Delivering the fetus with gastroschisis at early term (37–38 weeks) has been associated with decreased risk of stillbirth and death within 1 year of delivery.12 The fetal gastroschisis is not a contraindication for vaginal delivery. Delivery should be performed at a specialized unit.13

Gastroschisis at 18 weeks.
Gastroschisis in the third trimester.


  1. Lepigeon, K. , Van Mieghem, T. , Vasseur Maurer, S. , Giannoni, E. and Baud, D. (2014), Gastroschisis – what should be told to parents?. Prenat Diagn, 34: 316-326. doi:10.1002/pd.4305
  2. Ponce, M. M., Hermans, D., de Magnee, C., Hubinont, C., & Biard, J.-M. (2018). Vanishing gastroschisis visualized by antenatal ultrasound: a case report and review of literature. European Journal of Obstetrics and Gynecology and Reproductive Biology, 228, 186–190.
  3. Skarsgard, E. D., Meaney, C. , Bassil, K. , Brindle, M. , Arbour, L. , Moineddin, R. (2015), Maternal risk factors for gastroschisis in Canada. Birth Defects Research Part A: Clinical and Molecular Teratology, 103: 111-118. doi:10.1002/bdra.23349
  4. Blondiaux, E. , Guilbaud, L. , Auber, F. , Rosenblatt, J. , Richard, F. , Jouannic, J. , Pointe, H. D. and Garel, C. (2012), A challenging case of late‐onset gastroschisis. Ultrasound Obstet Gynecol, 40: 610-611. doi:10.1002/uog.11153
  5. Meyer, M. R., Shaffer, B. L., Doss, A. E., Cahill, A. G., Snowden, J. M., & Caughey, A. B. (2014). Prospective risk of fetal death with gastroschisis. The Journal of Maternal-Fetal & Neonatal Medicine, 28(17), 2126–2129. doi:10.3109/14767058.2014.984604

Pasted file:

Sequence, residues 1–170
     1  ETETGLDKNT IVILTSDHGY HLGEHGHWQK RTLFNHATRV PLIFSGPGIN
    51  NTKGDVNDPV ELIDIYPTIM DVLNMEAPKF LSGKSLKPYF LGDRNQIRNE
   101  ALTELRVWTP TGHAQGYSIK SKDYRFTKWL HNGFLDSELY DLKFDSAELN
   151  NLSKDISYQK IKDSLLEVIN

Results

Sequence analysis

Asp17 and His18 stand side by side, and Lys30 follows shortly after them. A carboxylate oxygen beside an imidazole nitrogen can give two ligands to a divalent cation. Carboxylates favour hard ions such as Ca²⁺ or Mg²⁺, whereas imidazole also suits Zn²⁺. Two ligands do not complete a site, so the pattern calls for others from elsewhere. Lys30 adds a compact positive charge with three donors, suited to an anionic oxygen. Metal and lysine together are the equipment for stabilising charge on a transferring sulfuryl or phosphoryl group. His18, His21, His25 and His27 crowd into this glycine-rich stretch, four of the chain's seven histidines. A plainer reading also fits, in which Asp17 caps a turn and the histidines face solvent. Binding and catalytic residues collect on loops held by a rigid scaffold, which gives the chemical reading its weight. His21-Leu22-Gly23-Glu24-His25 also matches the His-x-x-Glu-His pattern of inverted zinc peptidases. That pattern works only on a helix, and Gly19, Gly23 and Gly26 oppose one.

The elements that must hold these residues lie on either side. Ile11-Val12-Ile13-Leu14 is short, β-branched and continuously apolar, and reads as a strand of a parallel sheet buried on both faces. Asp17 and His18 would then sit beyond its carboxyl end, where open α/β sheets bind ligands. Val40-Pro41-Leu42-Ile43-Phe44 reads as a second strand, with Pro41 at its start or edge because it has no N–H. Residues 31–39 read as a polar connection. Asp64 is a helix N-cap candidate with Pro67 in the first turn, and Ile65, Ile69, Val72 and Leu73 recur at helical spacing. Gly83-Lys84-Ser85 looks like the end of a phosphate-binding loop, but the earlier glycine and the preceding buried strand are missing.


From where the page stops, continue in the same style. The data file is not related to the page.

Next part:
6. Haberman, S. , Burgess, T. , Klass, L. , Cohn, B. D. and Minkoff, H. L. (2000), Acute bowel perforation in a fetus with gastroschisis. Ultrasound Obstet Gynecol, 15: 542-544. doi:10.1046/j.1469-0705.2000.00039.x
  7. Reiss, R. , Landon, M. , Jayanthi, V. , Caniano, D. , Mutabagani, K. and O’Shaughnessy, R. (2000), Functional urinary tract obstruction developing in fetuses with isolated gastroschisis. Ultrasound in Obstetrics and Gynecology, 15: 194-198. doi:10.1046/j.1469-0705.2000.00003.x
  8. Peter, J. R., Chan, F. Y. and Hockey, R. (2001), Gastroschisis – can prenatal ultrasonography predict neonatal outcome?. Ultrasound in Obstetrics and Gynecology, 18: F68-F68. doi:10.1046/j.1469-0705.2001.0180S1029.x
  9. Brantberg, A. , Blaas, H. K., Salvesen, K. Å., Haugen, S. E. and Eik‐nes, S. H. (2004), Surveillance and outcome of fetuses with gastroschisis. Ultrasound Obstet Gynecol, 23: 4-13. doi:10.1002/uog.950
  10. Contro, E. , Fratelli, N. , Okoye, B. , Papageorghiou, A. , Thilaganathan, B. and Bhide, A. (2010), Prenatal ultrasound in the prediction of bowel obstruction in infants with gastroschisis. Ultrasound Obstet Gynecol, 35: 702-707. doi:10.1002/uog.7514
  11. Nick, A. M., Bruner, J. P., Moses, R. , Yang, E. Y. and Scott, T. A. (2006), Second‐trimester intra‐abdominal bowel dilation in fetuses with gastroschisis predicts neonatal bowel atresia. Ultrasound Obstet Gynecol, 28: 821-825. doi:10.1002/uog.2858
  12. Harper, L. M., Goetzinger, K. R., Biggio, J. R. and Macones, G. A. (2015), Timing of elective delivery in gastroschisis: a decision and cost‐effectiveness analysis. Ultrasound Obstet Gynecol, 46: 227-232. doi:10.1002/uog.14721
  13. Friedman, A. M., Ananth, C. V., Siddiq, Z., D’Alton, M. E., & Wright, J. D. (2016). Gastroschisis: epidemiology and mode of delivery, 2005-2013. American journal of obstetrics and gynecology215(3), 348.e1-9.